Fiddle Farms is our homestead market farm where we grow fresh vegetables, flowers and cannabis, located on the banks of the Hood River. The property has 15 acres that encompasses a variety of micro-climates. About 3 acres are in active use for gardening and livestock. It is located on the Hood River about 15 minutes from the town of Hood River, Oregon.
Here are some pictures of the farm taken by our wwoofers
This year at the farm I’m taking fertility of the cannabinitas into my own hands. I am striving to leave behind bottled fertilizers and replace them with my homemade goodies! Less plastic waste, fossil fuel emissions, and mystery around what my ladies uptake. After a recent side by side test I am more than happy with the results of my ferments. The only hurdle left to overcome is making production more efficient. I will pass on a few techniques and recipes I am using at the farm along to you.
Fermented Plant Juices (FPJ)
FPJ is a way to make liquid plant food out of ordinary/extraordinary plants that are all around us! It has been used by those who farm using a Korean Natural Farming approach and many others like myself who enjoy mixing and matching the styles and practices that have been passed down since farming began. Last year I began exploring this technique and have really made it part of my flow this year.
The leaves rustle in the wind, the gold and fire-red hues dance around and dazzle us before falling back to Earth, oh so delicately. Attention shifts from swimming and sun tanning to drinking mugs of hot tea after a day searching for the perfect carving pumpkin. Yes, this is the glorious season of Autumn. To the surprise of many, it’s also one of the most important times of year for the garden! If we are to manage the land (and our time) strategically, we must capture the benefits of rain and cold and time so we can work less during the rest of the year.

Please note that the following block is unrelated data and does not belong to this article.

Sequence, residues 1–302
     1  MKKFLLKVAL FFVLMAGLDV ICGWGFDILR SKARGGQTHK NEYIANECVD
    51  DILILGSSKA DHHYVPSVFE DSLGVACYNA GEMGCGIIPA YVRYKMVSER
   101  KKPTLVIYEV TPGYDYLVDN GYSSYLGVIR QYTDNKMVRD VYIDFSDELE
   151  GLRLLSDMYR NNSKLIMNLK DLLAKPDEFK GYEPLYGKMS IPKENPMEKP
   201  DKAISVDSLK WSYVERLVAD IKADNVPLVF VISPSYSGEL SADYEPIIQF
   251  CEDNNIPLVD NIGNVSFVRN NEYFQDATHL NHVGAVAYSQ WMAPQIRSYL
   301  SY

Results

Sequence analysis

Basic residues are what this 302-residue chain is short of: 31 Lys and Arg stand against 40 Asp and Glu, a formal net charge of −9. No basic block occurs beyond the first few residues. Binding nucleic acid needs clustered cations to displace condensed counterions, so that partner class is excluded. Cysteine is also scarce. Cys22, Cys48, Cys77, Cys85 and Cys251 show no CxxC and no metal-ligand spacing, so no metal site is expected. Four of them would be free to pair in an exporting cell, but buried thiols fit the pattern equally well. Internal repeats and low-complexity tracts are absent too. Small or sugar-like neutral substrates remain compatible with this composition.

Interested in Permaculture but don’t know where to start? This winter, join us to learn some basics about holistic land management. We’ll go over topics such as water catchment, no-till gardening, mulching, plant guilds, food resiliency and whole system dynamics to help get your started on your “permie” journey. We’ll also have a brief Q&A with our instructor, Certified Permaculture Designer Kelly White, where you are welcome to bring a couple of site-specific questions and concerns about your farm or garden. We hope to see you there!
Date, Time and Location are TBD. Signup at http://groworganics.org/content/intro-permaculture if you are interested and we’ll be in touch to determine a date that will work for all the participates.
Cost: $10 /person; $15/ couple
Permaculture: the development of agricultural ecosystems intended to be
sustainable and self-sufficient.
I’d like to start out with a bit about myself for context: I’m young woman just beginning her lifelong path in food production. Most of my training in agriculture has been through WWOOFing and interning on permaculture farms, so in a sense, it’s mostly all I know. When I began to work on more conventional organic farms it was shocking for me to see how hard people were working just to keep things alive, when I’d previously seen beautiful, food producing systems largely maintaining themselves. This juxtaposition is where the importance of permaculture really hit me. Working with whole systems inspired me so much I decided to devote my entire life to them. Treating nature like a machine that could be broken down into separate parts, analyzed, and “fixed”, had the opposite effect. This drastic contrast between farming methods inspired an obsessive quest to answer this nagging question: “why do most people plant this way?” Continue reading
When creating the Kingdom of Kush I knew that I wouldn’t feel okay growing a monoculture of cannabis. I would be fighting back the volunteers of previous growing seasons and forced to cover Earth with a weed barrier. I decided to create a beneficial polyculture using an insectary, living mulch, and choice volunteers. This is my first experience with living mulches so I am excited to see the results and learn how to manage my polyculture with ease and grace. Continue reading